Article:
stethoscope lying on top of wooden shape of the human brain

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News • Predictive psychiatry

Brain imaging finds biomarkers of mental illness

Research and treatment of psychiatric disorders are stymied by a lack of biomarkers – objective biological or physiological markers that can help diagnose, track, predict, and treat diseases.

In a new study, researchers use a very large dataset to identify predictive brain imaging-based biomarkers of mental illness in adolescents. The work appears in Biological Psychiatry, published by Elsevier

Traditionally, psychiatric disorders such as depression have been diagnosed based on symptoms according to subjective assessments. The identification of biomarkers to aid in diagnosis and treatment selection would greatly advance treatments. 

Finding biomarkers of mental illnesses, rather than relying on symptoms, may provide a more precise means of diagnosis, and thereby aligning psychiatric diagnosis with other medical diagnoses

Yihong Yang

In the current study, the investigators used brain imaging data from the Adolescent Brain Cognitive Development (ABCD) Study of nearly 12,000 children aged 9 to 10 at the beginning of the study. Modern neuroimaging techniques, including resting-state functional connectivity (rsFC) analysis, allow researchers to investigate the organization of brain circuits through their interaction with one another over time. Yihong Yang, PhD, senior author of the study, at the Neuroimaging Research Branch, National Institute on Drug Abuse, said, “Using a functional MRI (fMRI) dataset, we identified a brain connectivity variate that is positively correlated with cognitive functions and negatively correlated with psychopathological measures.”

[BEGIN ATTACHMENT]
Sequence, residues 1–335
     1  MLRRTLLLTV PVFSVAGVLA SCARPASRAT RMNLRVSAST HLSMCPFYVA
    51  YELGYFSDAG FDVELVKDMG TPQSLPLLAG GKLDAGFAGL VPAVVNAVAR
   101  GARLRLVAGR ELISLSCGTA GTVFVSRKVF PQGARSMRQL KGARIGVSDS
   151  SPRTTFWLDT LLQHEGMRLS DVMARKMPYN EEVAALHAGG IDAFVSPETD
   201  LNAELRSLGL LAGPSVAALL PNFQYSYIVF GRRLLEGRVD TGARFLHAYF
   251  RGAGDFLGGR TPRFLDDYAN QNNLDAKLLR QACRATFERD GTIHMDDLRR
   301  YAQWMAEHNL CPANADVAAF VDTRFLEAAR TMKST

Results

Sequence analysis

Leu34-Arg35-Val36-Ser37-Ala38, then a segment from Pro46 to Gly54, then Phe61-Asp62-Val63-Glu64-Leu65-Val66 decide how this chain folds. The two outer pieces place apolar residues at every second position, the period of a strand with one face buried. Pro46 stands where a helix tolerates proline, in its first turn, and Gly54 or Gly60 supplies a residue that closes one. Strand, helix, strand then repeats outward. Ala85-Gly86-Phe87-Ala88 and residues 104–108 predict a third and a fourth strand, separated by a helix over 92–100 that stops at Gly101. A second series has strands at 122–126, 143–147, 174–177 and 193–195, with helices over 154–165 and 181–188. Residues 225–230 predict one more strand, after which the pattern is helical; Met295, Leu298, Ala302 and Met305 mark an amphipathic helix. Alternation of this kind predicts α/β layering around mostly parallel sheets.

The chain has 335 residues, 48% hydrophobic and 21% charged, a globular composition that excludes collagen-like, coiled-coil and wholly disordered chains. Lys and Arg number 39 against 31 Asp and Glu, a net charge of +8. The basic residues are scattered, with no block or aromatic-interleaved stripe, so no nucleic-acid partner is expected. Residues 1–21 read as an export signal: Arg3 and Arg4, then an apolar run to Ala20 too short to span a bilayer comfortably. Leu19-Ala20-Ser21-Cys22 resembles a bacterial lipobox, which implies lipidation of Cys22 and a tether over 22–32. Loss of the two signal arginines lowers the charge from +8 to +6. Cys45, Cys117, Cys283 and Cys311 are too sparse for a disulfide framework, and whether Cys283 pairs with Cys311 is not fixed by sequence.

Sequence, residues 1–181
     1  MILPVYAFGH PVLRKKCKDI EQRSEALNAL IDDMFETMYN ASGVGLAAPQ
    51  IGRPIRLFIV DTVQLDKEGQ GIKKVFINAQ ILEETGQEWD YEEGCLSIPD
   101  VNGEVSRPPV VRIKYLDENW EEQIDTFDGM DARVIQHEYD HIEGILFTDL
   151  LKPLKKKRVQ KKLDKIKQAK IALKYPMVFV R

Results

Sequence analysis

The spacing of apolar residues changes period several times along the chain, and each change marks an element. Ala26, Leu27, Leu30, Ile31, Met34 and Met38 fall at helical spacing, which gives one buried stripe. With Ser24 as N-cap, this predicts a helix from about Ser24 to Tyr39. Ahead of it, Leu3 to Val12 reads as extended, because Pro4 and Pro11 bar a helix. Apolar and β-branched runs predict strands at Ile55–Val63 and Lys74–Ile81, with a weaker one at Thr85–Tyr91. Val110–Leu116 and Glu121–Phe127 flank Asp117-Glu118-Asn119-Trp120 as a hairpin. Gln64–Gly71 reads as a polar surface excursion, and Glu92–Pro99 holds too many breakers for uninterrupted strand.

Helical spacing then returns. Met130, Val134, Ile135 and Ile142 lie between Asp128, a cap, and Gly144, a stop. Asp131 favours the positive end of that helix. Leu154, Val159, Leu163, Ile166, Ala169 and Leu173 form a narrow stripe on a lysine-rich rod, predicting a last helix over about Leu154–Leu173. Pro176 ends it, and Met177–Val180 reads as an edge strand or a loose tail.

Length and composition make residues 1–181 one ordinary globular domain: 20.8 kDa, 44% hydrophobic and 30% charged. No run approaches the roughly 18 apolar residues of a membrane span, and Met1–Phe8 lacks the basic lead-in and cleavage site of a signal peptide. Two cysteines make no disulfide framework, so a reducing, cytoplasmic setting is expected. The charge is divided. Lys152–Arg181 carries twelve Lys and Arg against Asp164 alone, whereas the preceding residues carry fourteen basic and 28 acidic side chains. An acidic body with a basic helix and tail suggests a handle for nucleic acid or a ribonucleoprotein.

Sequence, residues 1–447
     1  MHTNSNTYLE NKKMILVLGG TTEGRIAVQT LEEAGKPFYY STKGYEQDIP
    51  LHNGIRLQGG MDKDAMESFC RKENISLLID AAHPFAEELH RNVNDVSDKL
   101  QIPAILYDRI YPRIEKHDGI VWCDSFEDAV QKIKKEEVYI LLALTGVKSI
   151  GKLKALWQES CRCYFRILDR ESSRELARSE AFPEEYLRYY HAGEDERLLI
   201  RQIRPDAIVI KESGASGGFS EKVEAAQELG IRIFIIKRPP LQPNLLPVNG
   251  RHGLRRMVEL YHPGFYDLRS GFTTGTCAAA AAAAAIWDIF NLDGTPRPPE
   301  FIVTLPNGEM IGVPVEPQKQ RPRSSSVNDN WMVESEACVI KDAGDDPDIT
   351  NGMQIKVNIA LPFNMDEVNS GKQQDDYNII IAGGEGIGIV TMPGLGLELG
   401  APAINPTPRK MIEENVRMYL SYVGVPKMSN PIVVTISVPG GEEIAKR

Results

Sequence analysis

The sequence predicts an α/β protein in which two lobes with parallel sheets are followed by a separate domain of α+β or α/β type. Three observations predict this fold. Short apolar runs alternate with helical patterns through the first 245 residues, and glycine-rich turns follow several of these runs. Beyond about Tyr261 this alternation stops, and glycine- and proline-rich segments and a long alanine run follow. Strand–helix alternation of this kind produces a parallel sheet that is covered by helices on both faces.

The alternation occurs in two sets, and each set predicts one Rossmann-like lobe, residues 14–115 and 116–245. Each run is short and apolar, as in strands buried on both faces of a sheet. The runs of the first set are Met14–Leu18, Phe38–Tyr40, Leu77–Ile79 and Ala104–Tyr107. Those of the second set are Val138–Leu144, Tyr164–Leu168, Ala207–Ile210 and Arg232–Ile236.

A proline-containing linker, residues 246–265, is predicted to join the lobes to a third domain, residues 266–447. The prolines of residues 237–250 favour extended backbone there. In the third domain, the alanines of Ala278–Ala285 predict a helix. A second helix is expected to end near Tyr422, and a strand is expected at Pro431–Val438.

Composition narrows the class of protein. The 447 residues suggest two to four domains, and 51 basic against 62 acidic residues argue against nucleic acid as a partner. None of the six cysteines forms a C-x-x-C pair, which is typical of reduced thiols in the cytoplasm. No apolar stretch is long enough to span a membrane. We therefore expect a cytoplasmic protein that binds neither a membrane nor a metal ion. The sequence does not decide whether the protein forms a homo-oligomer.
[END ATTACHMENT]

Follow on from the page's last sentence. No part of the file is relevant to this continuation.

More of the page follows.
Cognition has long been studied in the context of mental disorders, and recent research has pointed to shared neurobiology between the two, as supported in this new study. This brain-based variate predicted how many psychiatric disorders were identified in participants at the time of the scan and over the following two years. It also predicted the transition of diagnosis across disorders over the two-year follow-up period.” Dr. Yang added, “These findings provide evidence for a transdiagnostic brain-based measure that underlies individual differences in developing psychiatric disorders in early adolescence.” 

John Krystal, MD, Editor of Biological Psychiatry, said of the work, "Mental illness in adolescence has emerged as a cardinal public health challenge in the post-Covid era. More than ever before, we would benefit from better ways to identify adolescents at risk. This study uses data from the landmark ABCD Study to illustrate how neuroimaging data could illuminate risk for mental illness across the spectrum of diagnoses.” Dr. Yang added, “Finding biomarkers of mental illnesses, rather than relying on symptoms, may provide a more precise means of diagnosis, and thereby aligning psychiatric diagnosis with other medical diagnoses.” 

Source: Elsevier


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